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yesterday i got my self locked from my own server. and than i try to flush iptables from another server to get it unlocked as this question response 3 times fail then lock

After that, i cannot login to the server. i ask support from the customer service and finally i can login as before.

he (customer service) reboot the server and execute iptables -A INPUT -p tcp --dport 22 -j ACCEPT and shutdown the firewall.

and now i want the firewall back as before it flushed.

is it possible to do that? and how to do that?

i read from other forum, they said with just reboot the machine it the ip table will restore to previous state. is it right?

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up vote 1 down vote accepted

The firewall as configured by iptables is ephermal. It's never saved and must be reloaded on each boot. Normally there is a script in init.d that loads the iptables rules on boot. When flushing the rules with iptables -F, that only flushes what the Kernel knew, but doesn't affect how the firewall will be setup on next boot. Every distribution is different. Fedora uses a init.d script called /etc/init.d/iptables that just runs iptables-restore /etc/sysconfig/iptables or something like that. Ubuntu uses ufw which calls a series of iptables commands based on local configuration. If all you did was run iptables commands and didn't store anything to a file, then a reboot should restore the firewall. If you know which init.d script, you can probably just reload that script to restore instead of a full reboot.

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so you mean after i reboot the computer, it will just return to previous state. the same as i execute iptables -F ? – Jeg Bagus Apr 1 '11 at 7:08
Yes and no. Yes, simply rebooting should restore your firewall state to normal if all you did was play with the iptables command which does not save anything to a file. No, -F does not restore your firewall to it's normal boot-up state. It flushes any rules in the current table, but does not load any rules that might have been loaded during boot. – penguin359 Apr 1 '11 at 7:13
i afraid if i reboot and enable the firewall, i cannot login again the same situation with when i execute iptables -F. its really a scary moment. – Jeg Bagus Apr 1 '11 at 7:30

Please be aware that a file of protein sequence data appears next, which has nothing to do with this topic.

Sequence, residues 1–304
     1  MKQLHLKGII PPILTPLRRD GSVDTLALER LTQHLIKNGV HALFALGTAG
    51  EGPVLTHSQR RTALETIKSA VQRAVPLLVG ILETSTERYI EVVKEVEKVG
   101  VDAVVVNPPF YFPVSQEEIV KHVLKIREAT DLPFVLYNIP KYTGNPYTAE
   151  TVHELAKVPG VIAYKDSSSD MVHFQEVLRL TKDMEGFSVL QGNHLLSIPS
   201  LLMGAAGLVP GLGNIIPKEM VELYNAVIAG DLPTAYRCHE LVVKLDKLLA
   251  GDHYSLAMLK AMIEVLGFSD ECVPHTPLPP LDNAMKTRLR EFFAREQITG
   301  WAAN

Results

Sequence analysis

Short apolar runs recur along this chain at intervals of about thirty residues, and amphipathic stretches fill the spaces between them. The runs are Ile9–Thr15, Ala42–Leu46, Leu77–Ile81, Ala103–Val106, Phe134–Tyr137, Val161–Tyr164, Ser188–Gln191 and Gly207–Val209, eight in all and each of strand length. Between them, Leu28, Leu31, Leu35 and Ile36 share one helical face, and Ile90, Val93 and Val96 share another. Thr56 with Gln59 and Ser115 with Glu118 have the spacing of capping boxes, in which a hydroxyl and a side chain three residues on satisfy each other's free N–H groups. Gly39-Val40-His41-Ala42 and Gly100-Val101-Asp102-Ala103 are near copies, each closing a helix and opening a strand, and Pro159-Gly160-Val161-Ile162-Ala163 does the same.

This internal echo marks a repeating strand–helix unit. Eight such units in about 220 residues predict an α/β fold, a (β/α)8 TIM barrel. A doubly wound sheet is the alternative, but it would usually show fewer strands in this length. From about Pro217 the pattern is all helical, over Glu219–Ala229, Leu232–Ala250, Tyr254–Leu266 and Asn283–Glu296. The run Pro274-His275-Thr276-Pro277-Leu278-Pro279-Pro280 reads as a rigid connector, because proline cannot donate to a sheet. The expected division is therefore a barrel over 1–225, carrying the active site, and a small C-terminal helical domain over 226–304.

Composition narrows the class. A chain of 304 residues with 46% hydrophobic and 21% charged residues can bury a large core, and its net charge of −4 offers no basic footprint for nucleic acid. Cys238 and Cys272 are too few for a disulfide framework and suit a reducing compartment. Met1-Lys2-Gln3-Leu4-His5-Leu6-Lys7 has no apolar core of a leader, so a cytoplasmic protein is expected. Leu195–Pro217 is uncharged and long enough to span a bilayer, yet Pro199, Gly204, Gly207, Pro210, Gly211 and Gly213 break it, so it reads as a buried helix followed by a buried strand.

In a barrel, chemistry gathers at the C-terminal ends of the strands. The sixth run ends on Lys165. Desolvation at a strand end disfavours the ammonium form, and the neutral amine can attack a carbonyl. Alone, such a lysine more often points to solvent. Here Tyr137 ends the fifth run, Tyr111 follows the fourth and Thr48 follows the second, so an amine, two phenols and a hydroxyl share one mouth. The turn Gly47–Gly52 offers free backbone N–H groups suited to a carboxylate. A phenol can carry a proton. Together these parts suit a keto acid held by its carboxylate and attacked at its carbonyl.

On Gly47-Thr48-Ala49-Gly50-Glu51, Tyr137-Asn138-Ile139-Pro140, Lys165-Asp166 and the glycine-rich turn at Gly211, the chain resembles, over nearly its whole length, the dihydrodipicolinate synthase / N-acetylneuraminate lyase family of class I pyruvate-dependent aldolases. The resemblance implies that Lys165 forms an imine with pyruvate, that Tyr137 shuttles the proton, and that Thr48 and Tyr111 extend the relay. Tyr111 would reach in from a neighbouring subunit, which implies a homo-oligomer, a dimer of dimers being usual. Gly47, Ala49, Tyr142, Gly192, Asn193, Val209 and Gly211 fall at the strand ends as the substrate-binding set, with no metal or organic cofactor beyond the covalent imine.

Without knowing your Linux distribution, I can't help you with specifics on your firewall, but you could add "iptables -A INPUT -p tcp --dport 22 -j ACCEPT" to some start-up script, like /etc/rc.local that runs at the end of boot. Once you reboot, you can test everything and also see if removing that rule locks you out. Run "sudo shutdown -r +5" and then put the command in the background with Ctrl-Z followed by bg. Lastly, remove the above rule with "iptables -D INPUT -p tcp --dport 22 -j ACCEPT" If you get locked out, your server will reboot in 5 minutes and re-add the rule from rc.local. – penguin359 Apr 1 '11 at 7:52
i use centos, i tagged it at begining of my question. – Jeg Bagus Apr 1 '11 at 8:04

Hm. Can't it have been saved before your flushed? ?

+= If not, it's near to impossible, unless there're some lost disk files with fw rules inside.

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i don't know if it saved before. but can we still restore it back even it not saved? – Jeg Bagus Apr 1 '11 at 6:52
You can visit those directory and check out the files inside. + Actually it's a distro-dependent, so I gave this reference only as an example which relates to RHEL and its "relatives". – poige Apr 1 '11 at 6:54

On Ubuntu from 12.04, the iptables configuration is permanently stored in /etc/default/iptables-rules

You should check if the saved iptables-rules still contains your rules and copy that file before stopping the iptables service or have a back-up of that file ready.

  1. Then you stop the iptables service: sudo service iptables stop
  2. restore the iptables-rules file in /etc/default sudo cp <my backup of iptables> /etc/default/iptables-rules
  3. and start the iptables service sudo service iptables start
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User228724, welcome to Server Fault! That said, I do hope you'll go on to look at some less-crusty questions that need your answers more. I'm not criticising your answer per se, but this is a three-year old question with an accepted answer. It's also explicitly about CentOS, in which context your answer is definitely wrong (CentOS keeps the firewall rules in /etc/sysconfig/iptables). We value your input, but it'd be even more appreciated on other questions. – MadHatter Jul 1 '14 at 8:03

I think it all depens on how your iptables rules are set before you do the flushing. I mean the default polices of your chains INPUT, OUTPUT and FORWARD.

So to be sure you won't get locked out when you flush your iptables rules, first make sure the default policies of your chains are completely open. Like so:

iptables -P INPUT ACCEPT



And then and only then you can safely flush your rules:

iptables -F

This will work if your problem was that the default policies of your chains were different from ACCEPT.

Of course before you flush them you should do a back up of your rules to a file:

iptables-save > /route/to/file.anyextension

And after your testing you can just restore your old rules:

iptables-restore < route/to/file.anyextension

If you add or delete a rule and you want it to be permanent (so it will keep even if you reboot) you will have to do different things depending on your distro.

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